- “To the Beautiful Shining Twilight” by Carrie Vaughn (fantasy short story)
- “The Province of Saints” by Robert Reed (science fiction short story)
- “The City of Lost Desire” by Phyllis Eisenstein (fantasy novella)
- “The Right Number of Cats” by Jenn Reese (fantasy short story)
- “Survey” by Adam-Troy Castro (short story)
- “Blue as Blood” by Leah Cypess (science fictional novelette)
- “The Washer from the Ford” by Sean McMullen (fantasy short story)
- Plumage From Pegasus: “A Walk on the Mild Side” by Paul Di Filippo (science fiction short story)
- “Tactical Infantry Bot 37 Dreams of Trochees” by Marie Vibbert (science fiction short story)
- “Fifteen Minutes from Now” by Erin Cashier (science fictional short story)
- “The Fall from Griffin’s Peak” by Pip Coen (fantasy short story)
This issue also includes a reprint of “Joe Diabo’s Farewell” from Andy Duncan’s November 2018 collection, An Agent of Utopia. In terms of original fiction, this 2019 issue wasn’t up to 2018’s standards but had enough in it to be okay, overall.
The titles are split pretty evenly between fantasy and things that might be considered science fiction but the science fiction is fairly weak, especially considered as science fiction. “Blue as Blood” was particularly hard to swallow, as a girl was born on an alien world where they sometimes apply their great medical skills to random humans and have a reputedly sometimes fatal aversion to the color blue which the girl somehow acquires. It’s a story which would seem to be about social tolerance but its theme, as presented, is probably less compelling than even its science fictional clothing. “Infantry Bot” is a fairly flat riff on Dickian “autofac” endless-war sorts of stories, with a “female”(?) bot spouting verse while her companions say “ours is not to reason why; ours is but to do or die” until the “god into the bot” ending. “Fifteen Minutes” is a nearly 3,000 word monologue in which a time-traveling torturer (and I’m not sure how the time travel is supposed to accomplish anything) threatens an alleged terrorist. Somewhat similarly, “Survey” is a 5,000 word dialog and thought-experiment on sadism rather than science fiction or even fiction. The flash of “Mild Side” takes the real Kate Hamill’s frenetic adaptations of classic novels and simply extends it (“if this goes on”) and then contemplates the backlash to that. Finally, the most interesting of the SF pieces is “The Province of Saints,” another sort of “love song for the very awful,” in which a family is destroyed and a cop is called in to figure out how by interviewing a surviving family member with strange powers. It’s a riff on better killing through brain chemistry which burns the motherhood statement regarding empathy.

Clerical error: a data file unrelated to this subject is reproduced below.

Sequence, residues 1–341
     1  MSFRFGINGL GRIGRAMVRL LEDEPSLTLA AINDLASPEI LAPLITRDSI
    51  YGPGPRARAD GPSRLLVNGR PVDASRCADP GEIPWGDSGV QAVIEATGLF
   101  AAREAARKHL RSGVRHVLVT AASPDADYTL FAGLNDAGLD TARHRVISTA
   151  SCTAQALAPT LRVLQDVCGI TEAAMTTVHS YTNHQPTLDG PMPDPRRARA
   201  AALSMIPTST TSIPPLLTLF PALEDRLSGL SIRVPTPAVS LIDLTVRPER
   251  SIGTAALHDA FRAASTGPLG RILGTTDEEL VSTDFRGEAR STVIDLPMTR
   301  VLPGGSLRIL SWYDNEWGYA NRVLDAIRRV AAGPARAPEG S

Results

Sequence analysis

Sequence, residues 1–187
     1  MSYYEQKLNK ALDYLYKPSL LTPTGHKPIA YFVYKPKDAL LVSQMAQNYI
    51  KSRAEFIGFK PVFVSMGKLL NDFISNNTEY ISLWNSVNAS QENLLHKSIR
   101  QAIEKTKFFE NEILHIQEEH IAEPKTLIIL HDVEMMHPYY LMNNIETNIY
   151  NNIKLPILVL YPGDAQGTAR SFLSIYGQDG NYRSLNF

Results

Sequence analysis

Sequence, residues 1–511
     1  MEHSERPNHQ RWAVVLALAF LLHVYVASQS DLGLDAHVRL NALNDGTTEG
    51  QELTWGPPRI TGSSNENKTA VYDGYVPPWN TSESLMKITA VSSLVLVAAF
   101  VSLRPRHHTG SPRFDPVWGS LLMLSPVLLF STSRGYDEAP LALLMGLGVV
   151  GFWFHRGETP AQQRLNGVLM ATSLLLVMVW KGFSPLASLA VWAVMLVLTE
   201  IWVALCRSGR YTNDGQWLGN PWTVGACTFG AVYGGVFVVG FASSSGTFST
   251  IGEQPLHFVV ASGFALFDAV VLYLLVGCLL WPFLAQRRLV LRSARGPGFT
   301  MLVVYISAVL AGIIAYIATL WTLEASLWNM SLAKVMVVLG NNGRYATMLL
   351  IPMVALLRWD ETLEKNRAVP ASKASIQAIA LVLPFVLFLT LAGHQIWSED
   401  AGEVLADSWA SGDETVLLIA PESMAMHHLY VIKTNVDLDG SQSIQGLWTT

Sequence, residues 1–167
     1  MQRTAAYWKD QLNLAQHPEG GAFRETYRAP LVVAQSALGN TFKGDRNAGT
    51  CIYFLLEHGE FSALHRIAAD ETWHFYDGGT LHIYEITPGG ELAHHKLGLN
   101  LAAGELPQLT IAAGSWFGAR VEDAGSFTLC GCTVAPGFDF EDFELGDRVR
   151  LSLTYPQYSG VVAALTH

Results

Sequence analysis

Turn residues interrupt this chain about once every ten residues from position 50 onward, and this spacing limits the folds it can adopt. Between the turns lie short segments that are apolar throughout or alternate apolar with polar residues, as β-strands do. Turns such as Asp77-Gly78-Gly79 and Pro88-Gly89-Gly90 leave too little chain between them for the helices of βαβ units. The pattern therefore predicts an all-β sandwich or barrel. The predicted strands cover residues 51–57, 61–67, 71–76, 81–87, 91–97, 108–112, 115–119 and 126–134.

The fantasy pieces are both more interesting and more fantastic except for “Cats” which is not so much a fantasy as a surrealist piece in which a woman with a dying or dead girlfriend must embrace the pain to come out the other side, with a razor-bladed spiky cat as a sleeping companion and symbol. Turning to more straightforwardly fantastic pieces, a thief confesses her “Fall” after being coerced by a dandy and a cop into stealing something for them, though nothing turns out to be as it seemed. Either the narrator is a pathological liar in addition to being a thief (in which case nothing in the story can mean much) or it’s all a case of misfortune more than her fault (in which case the story’s kind of pointless) and the tone was off-putting but some may appreciate the reversals. “Twilight” has a lot of backstory (which stories can have without being sequels but this feels like it is and apparently isn’t) but little plot or action as it presents a woman with another visitation from fairyland which forces her to decide between it and the life she’s made for herself in Mundania. Despite its simplicity, it’s pleasant enough. “Washer” is a very strange story based on a real myth (so you can’t fault the author for that part) in which an ominous woman washes clothes for the dead. A man sees a murder and later sees that weird woman before finding that they and he are connected. He learns he has a curse and a power and has to skirmish with the washerwoman in an effort to maintain his power and do something with it. The theme is not burning any motherhood statements but the tale was interesting and some might find the modernization of the myth especially so.
I’m not sure why “City” needed to be a novella but it reads quickly and is probably the best of the issue. Extending the “Alaric the Minstrel” series, this is a sumptuous tale about a trading caravan arriving in a decayed city after a strange, magical interlude in the desert. It seems to be about a lot of things (including, especially, “drugs are bayud, m’kay?”) but turns out to be about the unraveling of a romantic knot (along with the revelation of some backstory). It’s well-constructed and effectively evokes an exotic “Arabian Nights” feeling.